Chimichurri, the condiment you didn’t know you need
Word lovers, how many opportunities have you had to eat some Argentine onomatopoeia? Onomatopoeia that performs an exquisite tango with almost anything somewhat charred by the dancing flames of your grill? Pay attention as this could change your life as it has mine.
a sharp chef’s knife
a good, preferably wooden cutting board
1/2 cup (or a little more to get a viscous texture) extra virgin olive oil
4 – 5 peeled cloves of garlic
2 bunches of Italian flat leaf parsley
1 or 2 bunches cilantro
1 medium jalapeno (seeds removed)
1/2 yellow onion
juice of two fresh limes
sea salt, preferably coarse
something red like a sweet pepper or radish (blood from your left forefinger won’t work since it will quickly lose its color when diluted by lime juice)
I realize you’re not going to eat your chef’s knife and cutting board, but they’re essential ingredients. The chef’s knife is the long one with the wide blade. I only use wooden cutting boards because they don’t dull my knives and they look better.
Let’s start with the good news. There’s no cooking required. Nada. So, let’s start chopping. Everything except the limes and the sea salt get chopped. I recommend discarding the stems of both the parsley and the cilantro. Do NOT use a food processor as you’ll end up with the loathsome mush generally served in restaurants. Texture is everything with chimichurri. Without it your tango partner won’t be sveltely dressed in black. So, patiently, (and with duende, aka passion) chop all this stuff up and stir it around in a favorite bowl without being too disappointed that the yield looks unfairly modest for the amount of chopping you’ve done.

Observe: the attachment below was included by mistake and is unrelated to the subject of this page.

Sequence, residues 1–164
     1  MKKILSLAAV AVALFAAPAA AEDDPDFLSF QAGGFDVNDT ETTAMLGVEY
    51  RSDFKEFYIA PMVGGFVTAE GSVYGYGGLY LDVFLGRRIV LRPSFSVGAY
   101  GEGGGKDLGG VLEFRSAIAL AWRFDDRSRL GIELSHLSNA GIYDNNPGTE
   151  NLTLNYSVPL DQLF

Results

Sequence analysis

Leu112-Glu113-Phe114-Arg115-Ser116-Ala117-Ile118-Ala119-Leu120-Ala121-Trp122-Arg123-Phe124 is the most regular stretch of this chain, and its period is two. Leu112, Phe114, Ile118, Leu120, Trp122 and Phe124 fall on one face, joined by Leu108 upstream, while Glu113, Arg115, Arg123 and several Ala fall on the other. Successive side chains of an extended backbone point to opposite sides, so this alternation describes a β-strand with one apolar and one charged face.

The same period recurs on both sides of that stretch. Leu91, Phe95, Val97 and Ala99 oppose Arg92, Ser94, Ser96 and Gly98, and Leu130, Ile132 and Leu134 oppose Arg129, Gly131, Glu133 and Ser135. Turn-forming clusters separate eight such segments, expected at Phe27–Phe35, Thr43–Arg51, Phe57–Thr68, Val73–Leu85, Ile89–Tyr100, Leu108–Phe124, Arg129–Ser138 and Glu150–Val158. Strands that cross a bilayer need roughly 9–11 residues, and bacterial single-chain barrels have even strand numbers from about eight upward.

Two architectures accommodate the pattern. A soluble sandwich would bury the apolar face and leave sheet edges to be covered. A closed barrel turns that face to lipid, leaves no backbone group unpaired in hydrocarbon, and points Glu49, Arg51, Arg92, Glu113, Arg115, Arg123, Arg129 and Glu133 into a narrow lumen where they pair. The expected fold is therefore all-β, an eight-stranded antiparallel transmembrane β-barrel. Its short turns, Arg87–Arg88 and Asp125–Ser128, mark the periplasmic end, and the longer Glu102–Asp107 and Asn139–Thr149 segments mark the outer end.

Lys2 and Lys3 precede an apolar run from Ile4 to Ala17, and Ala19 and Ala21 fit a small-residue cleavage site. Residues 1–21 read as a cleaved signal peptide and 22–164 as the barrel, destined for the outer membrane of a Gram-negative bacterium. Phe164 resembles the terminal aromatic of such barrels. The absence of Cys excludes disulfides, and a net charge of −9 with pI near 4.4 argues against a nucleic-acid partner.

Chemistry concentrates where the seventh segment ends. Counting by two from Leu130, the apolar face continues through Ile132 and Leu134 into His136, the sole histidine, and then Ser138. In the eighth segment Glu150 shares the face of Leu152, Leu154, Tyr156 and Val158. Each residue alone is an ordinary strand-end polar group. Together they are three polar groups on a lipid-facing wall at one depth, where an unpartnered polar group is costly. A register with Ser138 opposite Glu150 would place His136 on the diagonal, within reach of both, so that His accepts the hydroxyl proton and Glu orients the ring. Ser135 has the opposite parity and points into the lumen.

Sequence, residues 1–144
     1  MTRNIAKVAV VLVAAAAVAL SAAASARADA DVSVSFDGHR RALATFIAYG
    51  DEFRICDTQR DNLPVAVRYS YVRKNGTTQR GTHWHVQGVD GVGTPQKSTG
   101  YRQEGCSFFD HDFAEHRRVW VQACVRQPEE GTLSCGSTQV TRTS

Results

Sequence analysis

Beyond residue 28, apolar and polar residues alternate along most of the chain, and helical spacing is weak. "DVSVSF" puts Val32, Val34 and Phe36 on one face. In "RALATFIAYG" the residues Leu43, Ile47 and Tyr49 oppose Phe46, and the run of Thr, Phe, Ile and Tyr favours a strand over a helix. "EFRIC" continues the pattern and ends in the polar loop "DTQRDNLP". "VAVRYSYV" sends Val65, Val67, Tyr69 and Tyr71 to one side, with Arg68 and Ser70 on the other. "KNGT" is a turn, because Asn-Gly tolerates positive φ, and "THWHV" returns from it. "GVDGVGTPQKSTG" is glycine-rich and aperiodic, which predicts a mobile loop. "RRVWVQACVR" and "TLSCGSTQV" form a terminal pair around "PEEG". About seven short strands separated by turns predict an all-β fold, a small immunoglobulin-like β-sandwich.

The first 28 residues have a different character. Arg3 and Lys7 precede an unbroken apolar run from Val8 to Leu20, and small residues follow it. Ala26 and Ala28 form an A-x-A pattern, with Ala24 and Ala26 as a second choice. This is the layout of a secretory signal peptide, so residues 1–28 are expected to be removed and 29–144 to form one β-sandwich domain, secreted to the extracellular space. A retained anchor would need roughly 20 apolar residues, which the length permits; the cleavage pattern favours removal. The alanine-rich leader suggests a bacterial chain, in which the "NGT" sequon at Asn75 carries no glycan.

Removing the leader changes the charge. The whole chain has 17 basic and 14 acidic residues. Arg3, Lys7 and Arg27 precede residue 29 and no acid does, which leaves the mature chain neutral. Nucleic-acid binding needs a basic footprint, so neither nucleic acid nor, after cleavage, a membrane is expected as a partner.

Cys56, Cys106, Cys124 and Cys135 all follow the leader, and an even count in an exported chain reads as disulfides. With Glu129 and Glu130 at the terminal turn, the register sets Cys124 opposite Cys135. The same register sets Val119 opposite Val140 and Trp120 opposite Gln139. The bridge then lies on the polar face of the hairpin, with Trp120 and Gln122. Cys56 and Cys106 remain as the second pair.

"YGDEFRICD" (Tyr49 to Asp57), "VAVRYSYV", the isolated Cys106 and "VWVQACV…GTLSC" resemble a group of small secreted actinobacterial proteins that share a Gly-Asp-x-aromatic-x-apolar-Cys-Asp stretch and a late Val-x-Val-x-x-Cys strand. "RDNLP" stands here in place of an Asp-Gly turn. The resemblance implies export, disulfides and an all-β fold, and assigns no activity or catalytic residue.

Now, add a healthy amount of salt. I’m always more concerned with taste than sodium consumption, but you may be more sensible. That’s your choice. Don’t be shy. Add the lime juice. A small citrus squeezer works perfectly. If you don’t have one, just use your hands and enjoy the juice coursing through your fingers into the bowl without worrying about the seeds too much unless you’re OCD like me. Now, taste it. It will be wonderful and can possibly save your marriage.
You might (should!) ask, “What do I do with this stuff?” The best answer is anything you damn well want to, but our Argentine and Chilean neighbors have been using it as a condiment on grilled meats for centuries. I love it on steaks, grilled chicken, fish, and grilled veggies (take your pick after tossing lightly in olive oil and grilling to your preferred level of charring).
Some of you will have realized early on that this recipe is not the classic chimichurri, in which oregano substitutes for cilantro. If you don’t like cilantro, go for it, but you can’t be my friend.
Tom Weiss just turned 70, and he’s a retired real estate developer, also former owner-operator of The Grill at Highlands Row (2010-6, may she rest in peace) who has written a few hundred poems to little acclaim except from a few women he met while immersed in on-line dating. Now he’s determined to write some literary fiction before the sands of the hourglass refuse the narrow tunnel.